Tamron SP 90mm f/2.8 Di VC USD Macro review

The Tamron SP 90mm f/2.8 Di VC USD Macro is the last in a long and illustrious line

Tamron SP 90mm f/2.8 Di VC USD Macro
(Image: © Tamron)

Digital Camera World Verdict

Recently discontinued, Tamron’s Model F017 was the last of its highly popular 90mm macro lenses. It makes a great second-hand buy for Canon and Nikon DSLRs, both APS-C and full-frame. It also works with Canon EOS R system cameras via an EF-EOS R mount adapter, but might need a firmware update, whereas Tamron recommends contacting their service department regarding Nikon Z compatibility. For DSLRs though, it delivers excellent all-round performance and image quality.

Pros

  • +

    Super-sharp for macro shots

  • +

    Hybrid optical image stabilizer

  • +

    Good build quality

Cons

  • -

    Compatibility issues with Canon EOS R and Nikon Z cameras via mount adapters

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The Tamron SP 90mm f/2.8 Di VC USD Macro follows in the footsteps of a series of popular Tamron 90mm macro lenses. No less than three iterations were on the market when the latest Model F017 was launched, the oldest of them costing lacking VC (Vibration Compensation) or internal focusing. That lens was ostensibly replaced back in 2012, with the introduction of a stabilized, internally focusing optic that also added ring-type ultrasonic autofocus. The latest F017 adds some notable refinements.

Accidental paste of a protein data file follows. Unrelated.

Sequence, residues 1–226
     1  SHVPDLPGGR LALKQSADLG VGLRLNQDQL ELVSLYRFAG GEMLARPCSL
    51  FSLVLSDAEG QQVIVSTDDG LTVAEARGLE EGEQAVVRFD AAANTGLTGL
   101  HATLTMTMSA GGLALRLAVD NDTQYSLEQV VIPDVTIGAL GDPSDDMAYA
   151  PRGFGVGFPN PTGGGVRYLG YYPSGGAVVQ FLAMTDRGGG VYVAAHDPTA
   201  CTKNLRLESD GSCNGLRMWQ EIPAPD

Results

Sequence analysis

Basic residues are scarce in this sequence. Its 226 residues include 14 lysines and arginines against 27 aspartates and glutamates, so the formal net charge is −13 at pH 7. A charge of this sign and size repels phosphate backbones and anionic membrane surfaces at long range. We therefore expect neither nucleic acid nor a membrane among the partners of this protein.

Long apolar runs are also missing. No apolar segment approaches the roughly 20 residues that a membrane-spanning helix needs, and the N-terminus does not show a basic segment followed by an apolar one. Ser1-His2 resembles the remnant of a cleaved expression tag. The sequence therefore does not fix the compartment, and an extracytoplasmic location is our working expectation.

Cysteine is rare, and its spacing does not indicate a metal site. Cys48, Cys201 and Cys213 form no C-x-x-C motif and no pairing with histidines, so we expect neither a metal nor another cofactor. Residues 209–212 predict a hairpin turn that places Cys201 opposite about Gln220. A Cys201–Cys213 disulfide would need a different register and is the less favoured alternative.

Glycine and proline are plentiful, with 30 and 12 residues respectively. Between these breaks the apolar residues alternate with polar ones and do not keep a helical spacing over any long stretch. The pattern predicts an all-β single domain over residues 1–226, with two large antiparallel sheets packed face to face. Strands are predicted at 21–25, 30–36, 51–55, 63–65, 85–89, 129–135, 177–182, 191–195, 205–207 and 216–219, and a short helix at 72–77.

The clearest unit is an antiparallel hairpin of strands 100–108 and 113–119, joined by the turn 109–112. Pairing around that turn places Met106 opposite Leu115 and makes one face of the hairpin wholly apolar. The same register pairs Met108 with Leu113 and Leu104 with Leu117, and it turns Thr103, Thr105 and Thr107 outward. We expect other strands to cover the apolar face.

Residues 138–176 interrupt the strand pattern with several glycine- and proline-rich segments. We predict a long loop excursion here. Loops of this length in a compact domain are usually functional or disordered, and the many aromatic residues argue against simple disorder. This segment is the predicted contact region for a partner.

Specifications

Mount: Canon EF, Nikon F
Full frame: Yes
Autofocus: Yes
Stabilization: Yes
Lens construction: 14 elements in 11 groups
Angle of view: 27 degrees
Diaphragm blades: 9
Minimum aperture: f/32
Minimum focusing distance: 0.3m
Maximum magnification ratio: 1.0x
Filter size: 62mm
Dimensions: 79x117mm
Weight: 610g

Key features

The design and styling of the F017 was very much in keeping with other Tamron primes released around the same time. The smart black eggshell finish and silver ring around the rear are the same, as are the large and easy-to-use switches for auto/manual focusing and VC on/off. The 90mm adds a third switch for limiting the autofocus range to 0.3-0.5m for close-up shooting, 0.5m to infinity for general shooting, or enabling full autofocus travel.

Also like other Tamron lenses of a similar age, and a step up from the previous 90mm VC USD model, the new lens features weather-seals around its joints and a rubber sealing ring on the metal mounting plate. There’s also the addition of the same fluorine coating on the front element, to repel muck and moisture.

Other highlights include a new and improved ‘XY-Shift’ optical stabilizer that corrects for axial movement as well as for vibration. In this respect, it competes directly with the ‘hybrid’ image stabilizer that Canon developed for its own 100mm IS USM macro lens, a few years before. The autofocus system has also been optimized to increase speed and accuracy, while optical performance has been enhanced to maximize sharpness while retaining a soft blur for defocused areas, with a smooth transition between the two.